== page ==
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Long time since I watched perfect drama. Every father, son, everyone who values human relation must watch this movie.
An extremely simple yet powerful film that is destined to become a classic in near future...
if you like long journeys, landscapes and a simple story.
Simple meditative film about a father handing over the reigns of his postman job to his son during one last journey through the Hunan mountains. A lovely film, enough to make you envy them their day job and the scenery and cinematography are stunning. HIghly recommended for people who like walking.
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ohh i loved those landscapes. i'd live there too for the rest of my life *
The movie held my attention for its brief running time, but its overly sentimental script and telegraphed 'message' was a little too much for my cynical ass to stomach. If you enjoy weepy sentimentality, go for it, this is for you. Me, I found the whole thing tiresome.
Awesome cinematography, symbolism, and at times the story is very emotional and touching, but it seems like 60% of the film is just watching them walk through the mountains, which gets very dull.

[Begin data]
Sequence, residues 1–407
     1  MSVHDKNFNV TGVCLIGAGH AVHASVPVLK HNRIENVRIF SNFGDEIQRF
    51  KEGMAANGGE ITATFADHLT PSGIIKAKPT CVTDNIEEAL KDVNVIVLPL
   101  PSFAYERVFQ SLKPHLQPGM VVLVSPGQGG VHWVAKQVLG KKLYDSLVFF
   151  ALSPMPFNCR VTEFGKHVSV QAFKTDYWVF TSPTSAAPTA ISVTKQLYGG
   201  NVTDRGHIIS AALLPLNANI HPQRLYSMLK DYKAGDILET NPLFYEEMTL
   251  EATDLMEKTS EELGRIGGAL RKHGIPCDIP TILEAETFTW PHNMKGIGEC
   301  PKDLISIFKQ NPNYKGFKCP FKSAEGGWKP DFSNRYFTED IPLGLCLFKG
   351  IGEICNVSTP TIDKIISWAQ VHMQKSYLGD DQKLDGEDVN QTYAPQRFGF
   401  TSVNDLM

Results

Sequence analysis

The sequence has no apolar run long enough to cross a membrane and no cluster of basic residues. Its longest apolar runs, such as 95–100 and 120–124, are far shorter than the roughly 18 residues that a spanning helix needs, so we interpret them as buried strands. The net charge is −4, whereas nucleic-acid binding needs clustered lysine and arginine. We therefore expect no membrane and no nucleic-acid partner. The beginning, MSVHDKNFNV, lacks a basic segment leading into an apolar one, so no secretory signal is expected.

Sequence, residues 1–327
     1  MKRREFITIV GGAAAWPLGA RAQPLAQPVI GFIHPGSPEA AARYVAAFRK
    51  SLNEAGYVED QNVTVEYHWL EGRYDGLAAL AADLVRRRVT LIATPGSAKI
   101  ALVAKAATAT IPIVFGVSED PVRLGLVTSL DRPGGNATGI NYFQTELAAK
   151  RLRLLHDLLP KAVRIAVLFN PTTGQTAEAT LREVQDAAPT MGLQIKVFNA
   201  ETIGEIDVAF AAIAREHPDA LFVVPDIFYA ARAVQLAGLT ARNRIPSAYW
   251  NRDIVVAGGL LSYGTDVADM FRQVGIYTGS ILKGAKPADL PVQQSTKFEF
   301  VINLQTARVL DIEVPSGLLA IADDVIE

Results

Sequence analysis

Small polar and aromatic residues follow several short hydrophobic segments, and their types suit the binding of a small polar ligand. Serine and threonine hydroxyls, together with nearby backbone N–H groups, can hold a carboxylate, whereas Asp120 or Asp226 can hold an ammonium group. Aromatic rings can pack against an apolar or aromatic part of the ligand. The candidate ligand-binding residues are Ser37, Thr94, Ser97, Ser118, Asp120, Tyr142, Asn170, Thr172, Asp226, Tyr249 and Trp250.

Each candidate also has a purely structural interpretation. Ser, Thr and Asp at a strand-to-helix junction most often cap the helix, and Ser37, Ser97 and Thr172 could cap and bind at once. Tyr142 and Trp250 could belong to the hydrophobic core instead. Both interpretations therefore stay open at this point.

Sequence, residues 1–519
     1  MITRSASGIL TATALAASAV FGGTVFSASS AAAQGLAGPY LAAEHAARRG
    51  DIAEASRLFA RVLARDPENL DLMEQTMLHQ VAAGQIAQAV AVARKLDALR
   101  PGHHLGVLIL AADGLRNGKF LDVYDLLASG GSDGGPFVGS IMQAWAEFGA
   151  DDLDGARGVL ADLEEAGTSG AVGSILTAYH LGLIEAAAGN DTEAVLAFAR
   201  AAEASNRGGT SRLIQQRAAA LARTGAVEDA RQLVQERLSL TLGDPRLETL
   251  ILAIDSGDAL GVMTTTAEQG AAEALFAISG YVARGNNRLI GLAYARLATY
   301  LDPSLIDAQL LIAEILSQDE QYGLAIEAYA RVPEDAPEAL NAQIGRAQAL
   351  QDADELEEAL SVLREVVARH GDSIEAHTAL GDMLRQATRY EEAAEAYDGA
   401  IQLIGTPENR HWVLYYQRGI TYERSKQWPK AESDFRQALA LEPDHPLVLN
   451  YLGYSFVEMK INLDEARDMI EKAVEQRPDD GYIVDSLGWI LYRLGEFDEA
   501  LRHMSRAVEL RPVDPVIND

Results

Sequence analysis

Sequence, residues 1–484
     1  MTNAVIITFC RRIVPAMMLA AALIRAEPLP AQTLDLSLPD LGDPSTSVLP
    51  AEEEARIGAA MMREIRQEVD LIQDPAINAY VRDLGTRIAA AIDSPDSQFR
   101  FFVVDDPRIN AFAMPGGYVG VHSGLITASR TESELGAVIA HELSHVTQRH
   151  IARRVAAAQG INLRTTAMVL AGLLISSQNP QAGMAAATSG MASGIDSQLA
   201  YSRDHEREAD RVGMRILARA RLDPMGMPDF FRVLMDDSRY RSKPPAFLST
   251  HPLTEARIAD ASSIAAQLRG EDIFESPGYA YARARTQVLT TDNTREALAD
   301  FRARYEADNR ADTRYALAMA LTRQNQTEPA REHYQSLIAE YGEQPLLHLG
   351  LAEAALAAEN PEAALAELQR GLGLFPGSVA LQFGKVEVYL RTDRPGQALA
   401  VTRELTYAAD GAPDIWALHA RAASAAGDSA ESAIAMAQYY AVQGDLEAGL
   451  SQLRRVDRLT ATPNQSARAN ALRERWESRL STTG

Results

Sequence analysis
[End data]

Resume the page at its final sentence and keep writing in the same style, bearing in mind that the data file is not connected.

Brilliant. Simple, and yet so complex and deep in its examination of a relationship between father and son, of responsibility, of growing into a man, of duty, etc. The subtitles on the DVD I had were laughably horrible, and yet the movie is so good, the acting so sublime, and the flashbacks so effective that even struggling to figure out the barely decipherable Engrish subs you can understand exactly what is going on with a depth that words couldn't add anything to. I rarely ever cry during a movie, but this made me tear up more than once. Basic premise: a mountain postman is getting old, his knees are going bad, so his 24yo son is going to take over his route. He takes is son through walking three days through the mountains to deliver the mail, and show his son the route and the job. But he is also showing his son the path to adulthood, attempting to overcome the estrangement of always being away from home on the mailroute while his son grew up without his presence, and we explore love, family, duty, work, the tensions of modernity, and so much more. Wonderful film. A movie like this reminds me of Jack Mccarthy bemoaning overdone and overly complex poetry, emphasizing just how HARD it is to make something really complex appear to be so simple. This movie is like that. It is pure and devastating simplicity. The kind of film you could watch forever.
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